IBM will adopt NVIDIA GPU accelerator on the cloud to boost AI workloads

IBM announced this week that it is the initial global cloud provider to make the NVIDIA Tesla P100 GPU accelerator available on the cloud. By combining NVIDIA’s acceleration technology with IBM’s Cloud platform, businesses can expect to run compute-heavy workloads, such as artificial intelligence, deep learning and high performance data analytics.

As a cloud provider that enables the use of the Tesla P100 GPU accelerator on the cloud, IBM will make it more accessible for businesses in industries including healthcare, financial services, energy and manufacturing to extract valuable insight from big data.

For example, clients in the financial services industry can use GPUs on the IBM Cloud to run complex risk calculations; healthcare companies can analyze data or identify possible genetic variations; and energy companies can identify new ways to improve operations.

In a cloud environment, GPUs work in conjunction with a server’s CPU to accelerate application and processing performance. The CPU offloads compute-intensive portions of the application to the GPU, which processes large blocks of data at one time rather than sequentially boosting the overall performance in a server environment.

“The latest NVIDIA GPU technology delivered on the IBM Cloud is opening the door for enterprises of all sizes to use cognitive and AI to address complex big data challenges,” said John Considine, general manager, Cloud Infrastructure, IBM. “IBM’s global network of cloud data centers along with its advanced cognitive and GPU capabilities is helping to accelerate the pace of client innovation.”

“As the AI era takes hold, demand continues to surge for our GPU-accelerated computing platform in the cloud,” said Ian Buck, general manager, Accelerated Computing, NVIDIA. “These new IBM Cloud offerings will provide users with near-instant access to the most powerful GPU technologies to date – enabling them to create applications to address complex problems that were once unsolvable.”

Clients will have the option to equip individual IBM Bluemix bare metal cloud servers with two NVIDIA Tesla P100 accelerator cards. The Tesla P100 provides 4.7 teraFLOPS of double-precision performance and 16 gigabytes of GPU memory in a single server to accelerate compute-intensive workloads.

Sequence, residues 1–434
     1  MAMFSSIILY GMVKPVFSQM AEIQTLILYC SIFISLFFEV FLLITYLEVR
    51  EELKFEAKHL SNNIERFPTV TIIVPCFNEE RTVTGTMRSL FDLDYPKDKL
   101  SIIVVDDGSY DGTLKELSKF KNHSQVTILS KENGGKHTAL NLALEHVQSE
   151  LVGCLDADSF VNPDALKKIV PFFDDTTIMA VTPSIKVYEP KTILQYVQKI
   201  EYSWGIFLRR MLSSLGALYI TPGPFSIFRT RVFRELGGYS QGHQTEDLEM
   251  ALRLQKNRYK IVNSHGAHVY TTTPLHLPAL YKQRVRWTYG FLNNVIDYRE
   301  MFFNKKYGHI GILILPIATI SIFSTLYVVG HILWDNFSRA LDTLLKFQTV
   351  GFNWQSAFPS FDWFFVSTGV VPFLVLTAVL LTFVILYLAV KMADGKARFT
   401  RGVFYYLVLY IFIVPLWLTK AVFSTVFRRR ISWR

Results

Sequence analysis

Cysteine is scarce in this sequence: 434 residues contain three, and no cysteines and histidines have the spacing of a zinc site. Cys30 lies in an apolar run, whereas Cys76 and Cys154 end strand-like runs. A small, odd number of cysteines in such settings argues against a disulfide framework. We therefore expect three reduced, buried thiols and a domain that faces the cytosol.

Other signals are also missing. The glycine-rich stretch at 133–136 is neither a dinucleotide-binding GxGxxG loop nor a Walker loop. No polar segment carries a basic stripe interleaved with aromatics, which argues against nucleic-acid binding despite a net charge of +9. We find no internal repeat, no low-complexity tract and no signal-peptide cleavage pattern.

The combination of IBM’s connectivity and bare metal servers with the Tesla P100 GPUs provides clients with higher throughput than traditional virtualized servers. This high level of performance can allow clients to deploy fewer, more powerful cloud servers to deliver increasingly complex simulations and big data workloads.

With more than 160 zettabytes of data expected to be generated by 2025 according to IDC[1], enterprises of all sizes are increasingly relying on cognitive and deep learning applications to make sense of these massive volumes and varieties of data. GPUs, or graphics processing units, work in conjunction with a server’s central processing unit (CPU) to accelerate application performance helping these compute-heavy data workloads run more quickly and efficiently.

Since 2014, IBM has been working closely with NVIDIA to bring the latest GPU technology to the cloud. IBM was the first cloud provider to introduce the NVIDIA Tesla K80 GPU accelerator in 2015 and the Tesla M60 in 2016, and the introduction of the Tesla P100 builds on IBM’s position in bringing the latest NVIDIA GPU technology to the cloud for machine learning, AI and High Performance Computing (HPC) workloads.

“Deep learning and AI was once reserved for a select few companies such as research organizations and universities,” said Subbu Rama, founder and CEO, Bitfusion. “By collaborating with IBM to use NVIDIA GPUs on the cloud, BitFusion is changing that dynamic, enabling data scientists and developers to jumpstart innovation.”

The Tesla P100 joins NVIDIA’s portfolio of GPU offerings on the IBM Cloud, including the Tesla M60, Tesla K80 and Tesla K2 GPUs. IBM plans to make the Tesla P100 GPU accelerators available this month.


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